The Department of Education has announced November 16 as the provisional date for the start of the exams postponed from June. It’s provisional because it depends on the public health advice at the time, and the plan is to hold the exams in the evenings and on weekends. There will be no fee.

Unfortunately the written exams come too late for entry to college this autumn. Considering the extent of the disruption to their education earlier this year, students will have to consider how motivated they are and how they would revise for the exams.

The exams will be written only and based on the normal question paper format. There will be no orals, which is an important consideration for language students who would have been relying on that element of the exam to boost their grade.

A FREE helpline will be available from today, provided by the National Parents Council Post-Primary for students, parents and guardians. It will be professionally staffed by members of the Institute of Guidance Counsellors, who will help callers with information on issues like the calculated grades appeals process, sitting exams in 2020, reviews and rechecks, CAO applications, non-CAO options and SUSI applications.

Call the IGC on 1800 265 165 for more information.

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Assessment Arrangements for Junior Cycle and Leaving Certificate Exams 2021

The Department of Education and Skills has issued several circulars on how to deal with things as we live with covid-19, including a hundred page PDF document; Assessment Arrangements for Junior Cycle and Leaving Cert Examinations 2021.

So don’t rush to print the whole thing off. Just look at the pages for the subjects you will be doing exams in.  Just click on the box with your course title and it will bring you to the relevant details for that subject.

The purpose of the document is to highlight some changes to the exams planned for 2021 to take account of the disruption to learning caused by the pandemic. For written exams the change is mainly offering more choice in the questions to be answered. For practical subjects it may involve reducing the amount of preparation required in advance and more advance notice of the briefs for a subject so students will have more time to put their portfolios together. For others like junior cert science external Assessments will not be done.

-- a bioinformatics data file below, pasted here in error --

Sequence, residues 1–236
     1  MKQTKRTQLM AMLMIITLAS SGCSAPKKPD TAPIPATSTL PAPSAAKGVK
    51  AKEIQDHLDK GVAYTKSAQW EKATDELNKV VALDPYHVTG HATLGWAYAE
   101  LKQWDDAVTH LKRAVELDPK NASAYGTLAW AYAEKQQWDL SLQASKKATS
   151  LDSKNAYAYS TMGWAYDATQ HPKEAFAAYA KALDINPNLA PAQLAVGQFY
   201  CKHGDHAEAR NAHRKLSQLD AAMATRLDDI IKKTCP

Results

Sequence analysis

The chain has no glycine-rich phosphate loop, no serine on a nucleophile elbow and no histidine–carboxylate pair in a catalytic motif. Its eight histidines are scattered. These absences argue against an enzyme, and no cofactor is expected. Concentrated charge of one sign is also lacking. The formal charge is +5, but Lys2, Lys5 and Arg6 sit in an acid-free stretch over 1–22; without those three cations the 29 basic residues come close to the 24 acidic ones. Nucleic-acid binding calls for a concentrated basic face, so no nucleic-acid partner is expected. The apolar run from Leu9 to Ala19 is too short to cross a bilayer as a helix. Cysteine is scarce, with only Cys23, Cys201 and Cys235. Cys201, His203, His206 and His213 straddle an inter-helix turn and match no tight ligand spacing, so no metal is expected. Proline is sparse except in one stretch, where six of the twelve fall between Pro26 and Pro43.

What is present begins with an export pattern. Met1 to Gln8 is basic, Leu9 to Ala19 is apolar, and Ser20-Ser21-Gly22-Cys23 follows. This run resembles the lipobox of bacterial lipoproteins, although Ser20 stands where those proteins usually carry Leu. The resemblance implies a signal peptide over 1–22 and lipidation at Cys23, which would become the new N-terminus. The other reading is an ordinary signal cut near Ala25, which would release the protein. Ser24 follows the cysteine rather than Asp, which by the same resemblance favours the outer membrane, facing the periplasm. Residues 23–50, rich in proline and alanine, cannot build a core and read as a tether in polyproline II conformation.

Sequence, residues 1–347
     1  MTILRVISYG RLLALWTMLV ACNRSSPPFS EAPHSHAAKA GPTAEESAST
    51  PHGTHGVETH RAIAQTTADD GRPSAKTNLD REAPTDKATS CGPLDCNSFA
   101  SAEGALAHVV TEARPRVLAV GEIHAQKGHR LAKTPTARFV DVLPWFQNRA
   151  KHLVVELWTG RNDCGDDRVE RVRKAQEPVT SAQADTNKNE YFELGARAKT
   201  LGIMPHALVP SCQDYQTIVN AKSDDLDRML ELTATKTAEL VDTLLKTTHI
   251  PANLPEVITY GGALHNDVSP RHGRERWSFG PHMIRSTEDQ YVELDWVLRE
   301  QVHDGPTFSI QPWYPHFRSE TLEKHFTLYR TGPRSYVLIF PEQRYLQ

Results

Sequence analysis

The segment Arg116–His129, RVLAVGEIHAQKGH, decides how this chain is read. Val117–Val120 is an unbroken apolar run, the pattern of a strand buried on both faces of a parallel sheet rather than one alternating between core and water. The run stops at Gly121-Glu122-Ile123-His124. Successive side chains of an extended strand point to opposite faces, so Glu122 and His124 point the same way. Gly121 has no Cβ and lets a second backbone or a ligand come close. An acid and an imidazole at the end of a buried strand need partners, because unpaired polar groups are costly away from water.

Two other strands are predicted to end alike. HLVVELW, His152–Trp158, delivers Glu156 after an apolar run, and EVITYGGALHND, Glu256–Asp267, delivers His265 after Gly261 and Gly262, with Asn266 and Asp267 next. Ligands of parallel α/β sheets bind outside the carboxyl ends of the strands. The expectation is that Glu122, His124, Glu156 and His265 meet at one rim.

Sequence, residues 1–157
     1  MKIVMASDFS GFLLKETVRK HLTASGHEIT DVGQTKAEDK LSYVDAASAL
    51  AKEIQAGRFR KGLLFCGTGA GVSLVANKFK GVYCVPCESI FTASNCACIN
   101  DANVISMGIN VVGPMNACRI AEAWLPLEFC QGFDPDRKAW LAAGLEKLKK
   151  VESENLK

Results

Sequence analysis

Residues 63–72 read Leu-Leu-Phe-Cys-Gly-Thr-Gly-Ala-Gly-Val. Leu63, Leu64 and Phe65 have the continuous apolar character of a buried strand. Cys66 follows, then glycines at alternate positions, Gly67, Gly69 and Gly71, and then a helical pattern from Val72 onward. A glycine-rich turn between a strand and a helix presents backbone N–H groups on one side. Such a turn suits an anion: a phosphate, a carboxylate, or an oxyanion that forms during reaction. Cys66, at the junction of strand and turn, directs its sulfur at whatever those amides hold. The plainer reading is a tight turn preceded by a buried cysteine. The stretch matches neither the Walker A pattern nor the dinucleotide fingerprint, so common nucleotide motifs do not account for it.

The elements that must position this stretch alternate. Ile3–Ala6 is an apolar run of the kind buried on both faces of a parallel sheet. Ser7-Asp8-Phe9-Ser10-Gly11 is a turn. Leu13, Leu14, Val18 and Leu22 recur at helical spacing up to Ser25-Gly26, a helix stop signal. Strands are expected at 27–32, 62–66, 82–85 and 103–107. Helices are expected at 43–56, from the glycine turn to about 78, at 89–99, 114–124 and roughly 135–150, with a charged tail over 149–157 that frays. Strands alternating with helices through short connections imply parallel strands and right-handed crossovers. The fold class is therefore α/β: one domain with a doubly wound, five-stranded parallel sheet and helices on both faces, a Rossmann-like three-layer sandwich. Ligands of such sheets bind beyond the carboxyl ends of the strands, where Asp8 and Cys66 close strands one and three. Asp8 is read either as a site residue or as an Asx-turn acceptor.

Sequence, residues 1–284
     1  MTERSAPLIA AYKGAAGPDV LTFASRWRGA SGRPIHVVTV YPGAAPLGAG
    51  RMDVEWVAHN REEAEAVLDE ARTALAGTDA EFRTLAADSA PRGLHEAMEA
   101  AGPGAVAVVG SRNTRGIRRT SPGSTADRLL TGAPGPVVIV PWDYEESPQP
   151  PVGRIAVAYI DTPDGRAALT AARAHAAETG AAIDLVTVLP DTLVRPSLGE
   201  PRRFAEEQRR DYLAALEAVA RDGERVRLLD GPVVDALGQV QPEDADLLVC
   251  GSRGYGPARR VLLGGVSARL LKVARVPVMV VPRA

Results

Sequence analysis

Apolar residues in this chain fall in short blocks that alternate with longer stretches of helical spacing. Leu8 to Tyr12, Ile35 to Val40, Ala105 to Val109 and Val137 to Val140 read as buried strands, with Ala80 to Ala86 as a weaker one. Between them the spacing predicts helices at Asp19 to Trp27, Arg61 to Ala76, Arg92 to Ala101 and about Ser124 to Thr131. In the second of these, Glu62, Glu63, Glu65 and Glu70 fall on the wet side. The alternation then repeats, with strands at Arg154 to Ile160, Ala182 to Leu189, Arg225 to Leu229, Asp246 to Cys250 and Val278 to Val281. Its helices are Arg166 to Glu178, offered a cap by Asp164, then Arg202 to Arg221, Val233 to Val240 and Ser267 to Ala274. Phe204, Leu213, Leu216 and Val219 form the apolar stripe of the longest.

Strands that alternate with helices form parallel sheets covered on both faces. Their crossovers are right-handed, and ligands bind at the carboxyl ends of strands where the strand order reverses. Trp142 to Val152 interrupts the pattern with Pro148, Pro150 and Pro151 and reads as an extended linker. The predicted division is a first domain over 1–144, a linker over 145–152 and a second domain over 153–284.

Not all subjects have adjustments made. For example, there are none for Applied Maths as the subject already has a large amount of choice in the questions to be answered.


For Leaving Cert Higher Level Maths

LCH Maths Assessment


For Leaving Cert Ordinary Level Maths

LCO Maths Assessment


For Leaving Cert Ordinary & Higher Level Physics


For Junior Cert Ordinary & Higher Level Maths

JC Maths Assessment 2021


For Junior Cert Common Level Science

JC Science Assessment 2021

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Arrangements for starting new school year still a bit uncertain

Schools across the country are due to reopen over the next fortnight. At this point I am unsure about how Galway Maths Grinds will run classes; whether they will be the traditional face to face classes or online only. It will depend to a large extent on the situation with the covid-19 virus.

In any event, we will not start back until after September 7th, to give people a chance to settle into their back to school routines.

Even if we start off with face-to-face classes there is no guarantee that we will not have to revert to online classes or other forms of online support only if there is a resurgence of the virus. We will just have to wait and see.

In the mean time I have put up online courses and resource packs for junior cert and leaving cert students that can be purchased at https://gmg.teachable.com/ .

There are also courses with more general applicability:

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How do we deal with long-term effect of pandemic school shutdown?